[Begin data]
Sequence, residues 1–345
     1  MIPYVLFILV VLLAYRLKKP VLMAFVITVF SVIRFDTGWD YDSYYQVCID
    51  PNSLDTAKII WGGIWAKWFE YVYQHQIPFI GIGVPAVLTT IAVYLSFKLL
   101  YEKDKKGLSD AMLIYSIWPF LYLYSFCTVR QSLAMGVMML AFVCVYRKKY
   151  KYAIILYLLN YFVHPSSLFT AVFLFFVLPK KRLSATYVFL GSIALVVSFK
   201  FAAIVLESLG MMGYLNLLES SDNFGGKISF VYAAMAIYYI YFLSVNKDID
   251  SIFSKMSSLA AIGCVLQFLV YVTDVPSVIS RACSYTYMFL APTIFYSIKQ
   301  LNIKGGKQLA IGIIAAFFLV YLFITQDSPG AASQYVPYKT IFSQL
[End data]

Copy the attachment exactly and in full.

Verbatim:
Sequence, residues 1–345
     1  MIPYVLFILV VLLAYRLKKP VLMAFVITVF SVIRFDTGWD YDSYYQVCID
    51  PNSLDTAKII WGGIWAKWFE YVYQHQIPFI GIGVPAVLTT IAVYLSFKLL
   101  YEKDKKGLSD AMLIYSIWPF LYLYSFCTVR QSLAMGVMML AFVCVYRKKY
   151  KYAIILYLLN YFVHPSSLFT AVFLFFVLPK KRLSATYVFL GSIALVVSFK
   201  FAAIVLESLG MMGYLNLLES SDNFGGKISF VYAAMAIYYI YFLSVNKDID
   251  SIFSKMSSLA AIGCVLQFLV YVTDVPSVIS RACSYTYMFL APTIFYSIKQ
   301  LNIKGGKQLA IGIIAAFFLV YLFITQDSPG AASQYVPYKT IFSQL